Research, industry and advocacy join on NIH Rare Disease Day
Event returns to NIH Visitors Center
After two years of online-only participation, NIH Rare Disease Day 2023 (RDD) returned on Feb. 28 to its previous hybrid format for a vigorous day of renewed, in-person communication and networking in the rare disease community.
Organized by National Center for Advancing Translational Sciences (NCATS) and the Clinical Center, RDD brings together diverse research interests in government and academic settings. It also brings together patient advocacy organizations, including representative patients and families affected by rare diseases. Sharing highlights in rare disease research, recognizing those who are making exceptional contributions and proposing an agenda to keep research moving forward, Rare Disease Day is established as a cornerstone event in the field.
Several presentations discussed relevant activity at NCATS, including the Division of Rare Disease Research and Innovation, the Genetic and Rare Diseases Information Center resource, the Rare Disease Alert System project and the newer RARe-source program.
The Clinical Center's own involvement with clinical trials was addressed by its Office of Patient Recruitment. They focused on resources to help volunteers with a rare disease find useful clinical research studies at the NIH.
"Our mission is to support the research performed at the Clinical Center by coordinating the referral process as the primary point of contact between those seeking to volunteer in clinical studies and the researchers conducting them," stated Nikita Curry, supervisor of the Office of Patient Recruitment.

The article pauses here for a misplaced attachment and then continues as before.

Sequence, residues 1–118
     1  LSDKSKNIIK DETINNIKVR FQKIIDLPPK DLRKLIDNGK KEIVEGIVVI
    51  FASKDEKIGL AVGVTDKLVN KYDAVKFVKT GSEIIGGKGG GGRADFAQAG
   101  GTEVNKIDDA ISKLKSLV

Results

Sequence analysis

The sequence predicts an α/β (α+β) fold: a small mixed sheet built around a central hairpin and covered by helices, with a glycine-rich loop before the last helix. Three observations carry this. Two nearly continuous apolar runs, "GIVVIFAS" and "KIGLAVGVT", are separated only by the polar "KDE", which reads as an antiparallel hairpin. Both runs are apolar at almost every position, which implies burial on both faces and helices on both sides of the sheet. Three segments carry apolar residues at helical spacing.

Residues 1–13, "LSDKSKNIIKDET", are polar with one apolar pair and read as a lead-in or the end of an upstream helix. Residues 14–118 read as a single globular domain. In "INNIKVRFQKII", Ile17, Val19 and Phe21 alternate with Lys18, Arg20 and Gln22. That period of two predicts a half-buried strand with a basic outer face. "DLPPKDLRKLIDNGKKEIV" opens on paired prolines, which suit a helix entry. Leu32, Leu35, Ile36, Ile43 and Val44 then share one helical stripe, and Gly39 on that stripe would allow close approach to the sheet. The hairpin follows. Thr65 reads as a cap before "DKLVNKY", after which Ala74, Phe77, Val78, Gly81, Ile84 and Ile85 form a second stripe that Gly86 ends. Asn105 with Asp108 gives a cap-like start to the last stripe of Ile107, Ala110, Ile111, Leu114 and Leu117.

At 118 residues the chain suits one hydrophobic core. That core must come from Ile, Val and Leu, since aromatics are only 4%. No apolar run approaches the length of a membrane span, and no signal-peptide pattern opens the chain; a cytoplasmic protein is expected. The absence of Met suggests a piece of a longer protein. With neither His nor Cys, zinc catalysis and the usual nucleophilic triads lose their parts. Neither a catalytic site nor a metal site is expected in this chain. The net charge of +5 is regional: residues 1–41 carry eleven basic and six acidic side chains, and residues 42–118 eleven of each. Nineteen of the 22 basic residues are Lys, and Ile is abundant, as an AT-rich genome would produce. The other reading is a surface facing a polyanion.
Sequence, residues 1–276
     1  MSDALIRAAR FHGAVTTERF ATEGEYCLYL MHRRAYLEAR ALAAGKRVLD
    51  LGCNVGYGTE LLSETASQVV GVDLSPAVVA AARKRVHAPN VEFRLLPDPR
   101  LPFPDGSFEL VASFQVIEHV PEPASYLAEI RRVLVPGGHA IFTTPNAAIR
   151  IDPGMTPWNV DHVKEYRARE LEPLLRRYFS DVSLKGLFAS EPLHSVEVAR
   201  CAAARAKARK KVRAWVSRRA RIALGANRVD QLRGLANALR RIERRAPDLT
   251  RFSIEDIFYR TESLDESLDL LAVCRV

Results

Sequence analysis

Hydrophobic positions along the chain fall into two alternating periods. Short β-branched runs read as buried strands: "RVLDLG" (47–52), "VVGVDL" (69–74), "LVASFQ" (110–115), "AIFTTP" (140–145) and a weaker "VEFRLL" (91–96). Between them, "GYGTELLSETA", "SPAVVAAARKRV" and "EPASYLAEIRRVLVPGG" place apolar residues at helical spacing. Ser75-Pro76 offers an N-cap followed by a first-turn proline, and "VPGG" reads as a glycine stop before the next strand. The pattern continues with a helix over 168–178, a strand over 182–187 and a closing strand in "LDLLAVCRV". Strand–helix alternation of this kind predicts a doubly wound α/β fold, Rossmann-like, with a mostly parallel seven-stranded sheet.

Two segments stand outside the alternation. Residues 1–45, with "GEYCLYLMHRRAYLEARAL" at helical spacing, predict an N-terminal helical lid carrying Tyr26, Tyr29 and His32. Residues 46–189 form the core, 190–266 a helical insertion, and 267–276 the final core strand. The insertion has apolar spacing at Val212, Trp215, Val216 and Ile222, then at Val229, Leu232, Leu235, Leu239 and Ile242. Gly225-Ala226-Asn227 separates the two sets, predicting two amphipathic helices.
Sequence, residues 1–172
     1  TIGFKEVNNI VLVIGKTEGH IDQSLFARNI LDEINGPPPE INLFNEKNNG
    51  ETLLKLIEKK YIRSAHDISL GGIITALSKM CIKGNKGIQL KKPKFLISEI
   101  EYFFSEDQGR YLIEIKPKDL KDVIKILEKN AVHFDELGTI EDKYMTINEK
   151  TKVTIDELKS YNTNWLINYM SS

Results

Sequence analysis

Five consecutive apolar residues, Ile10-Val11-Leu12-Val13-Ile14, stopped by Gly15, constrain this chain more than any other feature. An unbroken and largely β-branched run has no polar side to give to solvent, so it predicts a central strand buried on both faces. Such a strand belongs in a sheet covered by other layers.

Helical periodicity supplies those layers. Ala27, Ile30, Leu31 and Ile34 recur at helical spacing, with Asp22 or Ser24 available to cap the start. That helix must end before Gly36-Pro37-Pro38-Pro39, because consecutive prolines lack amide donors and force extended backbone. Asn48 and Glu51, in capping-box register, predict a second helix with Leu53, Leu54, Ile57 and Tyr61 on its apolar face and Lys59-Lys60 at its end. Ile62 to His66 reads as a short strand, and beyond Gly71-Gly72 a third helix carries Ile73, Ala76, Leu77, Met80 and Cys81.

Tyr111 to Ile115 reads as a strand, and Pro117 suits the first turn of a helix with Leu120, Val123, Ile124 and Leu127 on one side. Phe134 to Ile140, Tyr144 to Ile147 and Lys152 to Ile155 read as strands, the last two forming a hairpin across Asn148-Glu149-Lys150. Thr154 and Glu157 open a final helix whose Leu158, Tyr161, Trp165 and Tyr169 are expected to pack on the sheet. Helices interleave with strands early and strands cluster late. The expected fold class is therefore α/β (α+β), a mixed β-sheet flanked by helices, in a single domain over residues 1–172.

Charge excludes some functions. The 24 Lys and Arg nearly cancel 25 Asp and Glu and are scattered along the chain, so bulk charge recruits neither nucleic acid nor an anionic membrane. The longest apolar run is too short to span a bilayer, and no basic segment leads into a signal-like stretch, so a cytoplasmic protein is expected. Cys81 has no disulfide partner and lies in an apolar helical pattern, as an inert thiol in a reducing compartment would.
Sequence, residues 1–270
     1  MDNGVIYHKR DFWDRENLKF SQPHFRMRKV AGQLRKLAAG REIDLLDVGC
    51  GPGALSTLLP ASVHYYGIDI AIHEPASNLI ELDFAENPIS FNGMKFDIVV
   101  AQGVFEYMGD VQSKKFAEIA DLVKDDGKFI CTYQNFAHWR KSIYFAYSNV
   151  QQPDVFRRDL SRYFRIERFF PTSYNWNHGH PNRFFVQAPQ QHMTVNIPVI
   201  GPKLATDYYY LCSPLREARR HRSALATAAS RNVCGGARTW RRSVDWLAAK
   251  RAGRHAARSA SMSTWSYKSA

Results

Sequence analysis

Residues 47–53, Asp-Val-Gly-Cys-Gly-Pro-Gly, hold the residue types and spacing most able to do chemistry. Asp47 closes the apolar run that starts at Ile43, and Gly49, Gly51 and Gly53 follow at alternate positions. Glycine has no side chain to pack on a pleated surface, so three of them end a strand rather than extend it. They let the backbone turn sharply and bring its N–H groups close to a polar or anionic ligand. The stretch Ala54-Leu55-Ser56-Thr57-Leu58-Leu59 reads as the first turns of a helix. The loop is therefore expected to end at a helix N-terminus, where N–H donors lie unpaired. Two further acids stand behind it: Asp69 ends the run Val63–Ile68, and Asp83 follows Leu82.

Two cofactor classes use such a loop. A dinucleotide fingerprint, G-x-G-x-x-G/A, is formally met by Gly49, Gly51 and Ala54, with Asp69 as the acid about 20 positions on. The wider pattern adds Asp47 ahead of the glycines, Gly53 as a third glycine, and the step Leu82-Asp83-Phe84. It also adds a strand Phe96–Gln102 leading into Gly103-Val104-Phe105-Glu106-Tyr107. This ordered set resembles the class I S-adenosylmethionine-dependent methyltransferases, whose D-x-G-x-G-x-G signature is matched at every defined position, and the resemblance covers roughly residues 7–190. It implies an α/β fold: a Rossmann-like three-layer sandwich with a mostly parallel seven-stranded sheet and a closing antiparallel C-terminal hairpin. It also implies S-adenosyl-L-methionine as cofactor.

Presenters addressed the special attention needed for the AYA (adolescent and young adult rare disease patients) population as they move between pediatric and adult care settings. Speakers also highlighted the essential role of The Children's Inn at NIH in supporting pediatric and young adult patients and their families.
Other sessions included "Rare Stories," where patients, research, treatment professionals and other roles aligned with rare diseases spoke about their specific interests and activities. Participants also spoke about the complementary roles and collaborative efforts that bring industry and advocacy groups together.
Both ground and lower levels of the NIH Natcher Visitors Center, the host site for RDD '23, were lined with exhibitors – patient advocacy nonprofits and NIH programs alike. All expressed enthusiasm for the return of face-to-face interaction with attendees.
Dynamic interaction between all constituents is what makes each RDD a time of hope, promise and renewed commitment from all segments of the rare disease community.
Two years of virtual RDD didn't diminish the energy and level of interest in making history in rare disease by making rare diseases history.
This year’s RDD was attended in person by more than 570 attendees and more than 1,700 attendees viewed the presentations online. If you would like to watch the RDD presentations online, please visit NIH Videocast.